Purpose To investigate the effect of initial postoperative minimal overcorrection on the result of the surgical management of intermittent exotropia based on long-term follow-up results.
Methods 111 patients who underwent surgery for intermittent exotropia and were followed up for at least 5 years after surgery were retrospectively reviewed. The outcome was judged to be successful when there was 10 prism dioptres (PD) or less of exodeviation and less than 5 PD of esodeviation without any reoperation at the final follow-up visit. We evaluated the success, recurrence, overcorrection rate and the duration of diplopia according to their initial deviation.
Results We divided patients into four groups based on their initial deviation: orthophoria or undercorrection (Ortho group, 31 patients), minimally overcorrected at 5 PD or less (MO group, 20 patients), usually overcorrected between 6 PD and 10 PD (UO group, 35 patients), and highly overcorrected at more than 10 PD (HO group, 25 patients). The success rate was 43–60% between the four groups (p=0.52). The recurrence rate was 28–57% (p=0.105), but post hoc analysis showed borderline p values between the Ortho and HO group (p=0.024). No overcorrection was noted in the Ortho and MO groups (p=0.04). The duration of diplopia was 0–2.5 weeks, showing statistically significant difference among groups (p<0.001).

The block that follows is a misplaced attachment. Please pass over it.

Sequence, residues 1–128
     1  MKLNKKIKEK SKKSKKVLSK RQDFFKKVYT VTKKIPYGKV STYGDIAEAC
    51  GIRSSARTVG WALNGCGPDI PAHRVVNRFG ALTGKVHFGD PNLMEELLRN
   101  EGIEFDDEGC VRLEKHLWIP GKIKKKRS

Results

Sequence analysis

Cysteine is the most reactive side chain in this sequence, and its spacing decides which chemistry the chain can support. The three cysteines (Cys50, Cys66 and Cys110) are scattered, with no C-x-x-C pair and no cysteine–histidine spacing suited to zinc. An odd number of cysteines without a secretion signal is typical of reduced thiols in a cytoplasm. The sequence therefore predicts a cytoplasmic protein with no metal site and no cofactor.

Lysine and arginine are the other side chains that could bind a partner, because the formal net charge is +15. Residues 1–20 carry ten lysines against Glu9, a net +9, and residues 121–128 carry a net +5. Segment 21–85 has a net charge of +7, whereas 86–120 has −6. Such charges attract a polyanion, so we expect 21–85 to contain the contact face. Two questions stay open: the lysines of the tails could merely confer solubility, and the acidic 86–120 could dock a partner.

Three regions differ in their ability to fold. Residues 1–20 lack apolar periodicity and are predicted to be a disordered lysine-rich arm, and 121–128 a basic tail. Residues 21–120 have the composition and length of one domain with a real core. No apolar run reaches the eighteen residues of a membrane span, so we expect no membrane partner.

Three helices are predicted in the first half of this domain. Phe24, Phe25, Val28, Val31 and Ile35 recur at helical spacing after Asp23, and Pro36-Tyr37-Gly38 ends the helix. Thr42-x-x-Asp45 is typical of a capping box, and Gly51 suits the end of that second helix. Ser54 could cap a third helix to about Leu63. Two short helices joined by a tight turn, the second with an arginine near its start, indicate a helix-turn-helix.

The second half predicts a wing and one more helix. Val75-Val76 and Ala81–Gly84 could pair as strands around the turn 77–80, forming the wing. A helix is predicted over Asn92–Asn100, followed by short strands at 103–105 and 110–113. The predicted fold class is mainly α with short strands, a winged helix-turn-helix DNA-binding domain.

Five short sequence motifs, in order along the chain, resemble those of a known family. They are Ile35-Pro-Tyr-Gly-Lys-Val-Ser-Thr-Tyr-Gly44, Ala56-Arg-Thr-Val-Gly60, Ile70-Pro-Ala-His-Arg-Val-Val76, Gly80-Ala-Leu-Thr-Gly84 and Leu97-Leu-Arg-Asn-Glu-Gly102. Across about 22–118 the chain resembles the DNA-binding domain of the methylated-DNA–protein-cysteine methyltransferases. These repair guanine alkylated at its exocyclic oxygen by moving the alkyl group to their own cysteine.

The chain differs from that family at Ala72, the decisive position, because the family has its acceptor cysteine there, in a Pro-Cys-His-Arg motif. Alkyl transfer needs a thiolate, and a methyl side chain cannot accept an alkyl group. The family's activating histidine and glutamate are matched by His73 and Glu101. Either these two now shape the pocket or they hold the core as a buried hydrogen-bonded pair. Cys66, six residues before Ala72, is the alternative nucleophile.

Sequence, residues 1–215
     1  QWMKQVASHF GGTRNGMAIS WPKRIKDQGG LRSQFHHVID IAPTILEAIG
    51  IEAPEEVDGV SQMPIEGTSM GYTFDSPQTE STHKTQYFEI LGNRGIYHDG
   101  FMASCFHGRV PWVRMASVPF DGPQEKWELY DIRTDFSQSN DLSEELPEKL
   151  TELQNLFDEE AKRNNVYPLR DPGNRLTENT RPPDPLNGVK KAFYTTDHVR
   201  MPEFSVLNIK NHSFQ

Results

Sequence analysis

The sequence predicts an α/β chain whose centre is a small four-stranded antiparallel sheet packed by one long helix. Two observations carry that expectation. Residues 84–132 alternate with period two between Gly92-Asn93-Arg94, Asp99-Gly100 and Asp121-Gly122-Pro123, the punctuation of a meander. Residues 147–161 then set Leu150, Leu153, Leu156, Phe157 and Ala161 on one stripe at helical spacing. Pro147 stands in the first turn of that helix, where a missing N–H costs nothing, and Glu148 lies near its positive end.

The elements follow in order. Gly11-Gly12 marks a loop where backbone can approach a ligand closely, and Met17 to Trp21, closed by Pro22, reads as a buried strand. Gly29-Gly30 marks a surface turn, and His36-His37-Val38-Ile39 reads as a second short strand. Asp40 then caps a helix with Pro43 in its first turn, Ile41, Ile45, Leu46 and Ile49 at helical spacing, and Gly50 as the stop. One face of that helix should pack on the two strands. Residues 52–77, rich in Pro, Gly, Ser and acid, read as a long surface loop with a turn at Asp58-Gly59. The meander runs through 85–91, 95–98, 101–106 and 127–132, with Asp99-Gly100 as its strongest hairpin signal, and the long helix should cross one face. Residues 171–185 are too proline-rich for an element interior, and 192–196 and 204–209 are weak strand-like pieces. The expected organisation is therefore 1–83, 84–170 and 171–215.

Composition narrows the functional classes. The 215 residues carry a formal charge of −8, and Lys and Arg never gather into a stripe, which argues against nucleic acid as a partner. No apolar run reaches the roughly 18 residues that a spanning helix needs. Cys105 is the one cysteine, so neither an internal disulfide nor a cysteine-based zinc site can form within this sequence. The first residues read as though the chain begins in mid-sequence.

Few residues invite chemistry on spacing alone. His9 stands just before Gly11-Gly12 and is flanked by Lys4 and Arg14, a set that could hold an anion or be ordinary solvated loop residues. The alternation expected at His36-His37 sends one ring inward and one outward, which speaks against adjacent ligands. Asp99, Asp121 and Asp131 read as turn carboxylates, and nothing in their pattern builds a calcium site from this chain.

Conclusions The amount of initial postoperative overcorrection may not predict the long-term success rate. However, the MO group showed a lower recurrence rate than the Ortho group and also showed no overcorrection and a shorter duration of postoperative diplopia than the UO and HO groups.